Featured Research

from universities, journals, and other organizations

Palms reveal the significance of climate change for tropical biodiversity

Date:
April 23, 2012
Source:
Aarhus University
Summary:
Palm assemblages we find in the tropics today are to a large extent formed by climatic changes of the past, taking place over millions of years.

Palms in Africa.
Credit: Henrik Balslev

Palms can do much more than sway on beaches of pure white sand. According to new research from Aarhus University, they can predict the future by telling the story of how flora and fauna have been affected by climate change for millions of years.

The changes in tropical rainforest area over the last 55 million years differ between South America and Africa. (A) In South America, there was a suitable warm-wet climate and a constant presence of large rainforest areas. (B) In Africa, strong losses of tropical rainforests have occurred, especially over the last 10 million years due to climate change (massive drying).

Tropical areas provide similar conditions with high temperatures and humidity regardless of whether you are in Asia, Africa or South America. And you can find lush rainforests in all these places. However, tropical rainforests are not the same. There are fundamental differences in the species composition in the rainforests on the different continents.

Scientists at Aarhus University have spearheaded research results that shed new light on the processes forming the composition of species assemblages in the tropics. There are actually more than 2400 species of palms and, by studying them, the researchers have shown that the palm assemblages we find in the tropics today are to a large extent formed by climatic changes of the past, taking place over millions of years.

"It comes as a surprise to us that climate change over millions of years still leaves a signature in the composition of species assemblages we see today. If species are severely affected by current and future climate change, it'll mean that there are long-lasting consequences for biodiversity, maybe over many millions of years to come -- at least much longer than we've ever dreamt of before," says Daniel Kissling, who initiated the research results soon to be published in the Proceedings of the National Academy of Sciences.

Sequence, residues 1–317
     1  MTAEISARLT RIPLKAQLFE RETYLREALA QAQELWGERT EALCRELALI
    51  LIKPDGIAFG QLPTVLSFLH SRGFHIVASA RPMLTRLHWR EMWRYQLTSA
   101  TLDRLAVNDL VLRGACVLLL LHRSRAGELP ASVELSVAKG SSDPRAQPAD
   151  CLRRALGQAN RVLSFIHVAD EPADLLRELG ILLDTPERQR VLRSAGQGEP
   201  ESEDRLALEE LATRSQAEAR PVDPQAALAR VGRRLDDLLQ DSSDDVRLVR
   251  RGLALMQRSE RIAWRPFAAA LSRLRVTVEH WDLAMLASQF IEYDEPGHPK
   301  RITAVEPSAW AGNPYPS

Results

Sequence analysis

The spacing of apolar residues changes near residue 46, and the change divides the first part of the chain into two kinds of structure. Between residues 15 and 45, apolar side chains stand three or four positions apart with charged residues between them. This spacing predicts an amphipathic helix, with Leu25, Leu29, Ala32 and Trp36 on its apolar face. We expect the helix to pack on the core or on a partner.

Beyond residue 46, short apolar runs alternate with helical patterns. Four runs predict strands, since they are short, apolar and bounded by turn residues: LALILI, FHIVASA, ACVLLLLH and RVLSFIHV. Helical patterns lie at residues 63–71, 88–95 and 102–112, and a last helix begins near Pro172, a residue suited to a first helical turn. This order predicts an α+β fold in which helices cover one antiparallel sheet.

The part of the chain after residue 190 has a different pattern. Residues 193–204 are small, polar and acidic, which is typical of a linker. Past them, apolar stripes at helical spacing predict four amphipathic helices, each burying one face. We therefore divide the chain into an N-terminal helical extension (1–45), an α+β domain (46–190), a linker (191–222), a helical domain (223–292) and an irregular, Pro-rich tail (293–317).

South America has had a relatively stable humid and warm climate for the last 50 million years, and rainforests have been widespread throughout this entire period. This is where species diversity is highest. There have been good living conditions and plenty of space for many new species to arise. As species formation has been concentrated in particular groups, the species-rich South American palm communities are now dominated by closely related species.

Africa, on the other hand, has been hit by severe drying during the last 10 to 30 million years. The area of rainforest has thus diminished dramatically, until it reached a minimum during the cold, dry ice ages that have repeatedly affected the world over and over again during the last 3 million years. As a result of past climatic changes, many species have simply disappeared entirely from the continent. There are therefore far fewer palm species in Africa than in South America. The poor palm flora of Africa thus has a relict character, and consists of species that are often not closely related to each other.


Story Source:

The above story is based on materials provided by Aarhus University. Note: Materials may be edited for content and length.


Journal Reference: